(for a short intro of the basic concepts of Mercurial, see UnderstandingMercurial)

A repository is a directory (the repository directory or "repo" directory) which contains a subdirectory named .hg (dot hg) where Mercurial stores its internal data structures. Everything else (files and other subdirectories) in the repo directory is conceptually part of the [:WorkingDirectory:working directory], which is tracked by Mercurial (some files and subdirectories may be ignored. See [".hgignore"]).


1. Creation

An existing, already populated but yet untracked directory can be transformed into a repository with hg init, which creates and initializes the .hg subdirectory.

2. Tracking Files

A file in the working directory that shall be tracked by Mercurial must be added with hg add. [:LocalModifications:Local modifications] to tracked files in the working directory can be [:Commit:committed] with hg commit, which adds a new [:ChangeSet:changeset] to the repository by recording it in the .hg directory.

The working directory can be restored with hg update to any previously committed state by specifying the requested changeset with its [:ChangeSetID:changeset ID].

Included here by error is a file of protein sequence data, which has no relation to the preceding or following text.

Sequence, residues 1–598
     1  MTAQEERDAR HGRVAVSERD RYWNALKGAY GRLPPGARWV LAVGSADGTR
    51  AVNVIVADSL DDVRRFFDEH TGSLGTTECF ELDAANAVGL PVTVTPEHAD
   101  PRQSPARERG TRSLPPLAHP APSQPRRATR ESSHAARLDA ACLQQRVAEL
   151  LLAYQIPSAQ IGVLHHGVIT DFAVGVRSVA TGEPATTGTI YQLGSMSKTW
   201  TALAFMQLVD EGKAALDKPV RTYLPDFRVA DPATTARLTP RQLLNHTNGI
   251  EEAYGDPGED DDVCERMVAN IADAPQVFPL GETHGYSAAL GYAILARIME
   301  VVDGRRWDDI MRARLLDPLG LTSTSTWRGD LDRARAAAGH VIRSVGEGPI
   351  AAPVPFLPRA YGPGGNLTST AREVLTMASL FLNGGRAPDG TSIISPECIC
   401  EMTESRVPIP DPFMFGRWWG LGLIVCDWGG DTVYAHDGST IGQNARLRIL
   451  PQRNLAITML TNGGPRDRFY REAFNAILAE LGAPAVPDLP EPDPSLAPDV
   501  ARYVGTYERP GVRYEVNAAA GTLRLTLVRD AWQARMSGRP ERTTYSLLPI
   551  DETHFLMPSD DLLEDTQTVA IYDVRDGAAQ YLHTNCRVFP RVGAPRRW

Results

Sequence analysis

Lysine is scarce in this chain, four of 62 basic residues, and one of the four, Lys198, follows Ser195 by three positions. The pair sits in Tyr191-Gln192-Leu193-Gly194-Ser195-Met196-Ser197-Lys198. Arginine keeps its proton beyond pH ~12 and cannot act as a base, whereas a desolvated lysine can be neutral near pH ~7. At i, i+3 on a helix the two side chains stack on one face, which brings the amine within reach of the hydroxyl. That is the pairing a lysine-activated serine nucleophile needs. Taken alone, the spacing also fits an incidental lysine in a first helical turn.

The last transaction in a repository can be undone with hg rollback (see ["Rollback"]).

3. Transferring Changesets and Cloning

Changesets can be transferred from one repository to another with hg pull, hg push, hg export and hg import (see ["Pull"], ["Push"], ["Export"], ["Import"], ["CommunicatingChanges"]).

Repositories can be [:Clone:cloned] with hg clone.

4. Checking Integrity

Checking the internal integrity of a repository (the contents of .hg) can be done with hg verify.

5. Structure

The .hg directory of a repository contains (incomplete listing):

Note that for small revlogs, the revlog data file (*.d) may be missing, because its content may be interleaved into the corresponding index file (*.i) (see also ["RevlogNG"]).

6. Backup

Backing up a repository can be done by using push/pull/clone to a backup repository. A repository which is not actively written to (by other processes concurrently running on the computer) can be backed-up by backing-up the repo directory using normal directory/file backup procedures (like tar, zip, etc). The .hg directory is [:CaseFolding:case folding] tolerant, which means, it can for example be copied onto a FAT filesystem (see also ["BackUp"], ["CaseFoldingPlan"]).

7. See also